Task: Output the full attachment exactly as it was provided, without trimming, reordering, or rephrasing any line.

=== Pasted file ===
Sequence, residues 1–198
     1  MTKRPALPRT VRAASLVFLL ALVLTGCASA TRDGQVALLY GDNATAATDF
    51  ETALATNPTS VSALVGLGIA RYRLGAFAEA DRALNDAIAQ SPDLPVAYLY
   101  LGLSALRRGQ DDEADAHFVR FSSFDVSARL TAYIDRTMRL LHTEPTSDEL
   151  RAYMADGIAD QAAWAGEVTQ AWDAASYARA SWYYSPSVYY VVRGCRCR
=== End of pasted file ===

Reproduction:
Sequence, residues 1–198
     1  MTKRPALPRT VRAASLVFLL ALVLTGCASA TRDGQVALLY GDNATAATDF
    51  ETALATNPTS VSALVGLGIA RYRLGAFAEA DRALNDAIAQ SPDLPVAYLY
   101  LGLSALRRGQ DDEADAHFVR FSSFDVSARL TAYIDRTMRL LHTEPTSDEL
   151  RAYMADGIAD QAAWAGEVTQ AWDAASYARA SWYYSPSVYY VVRGCRCR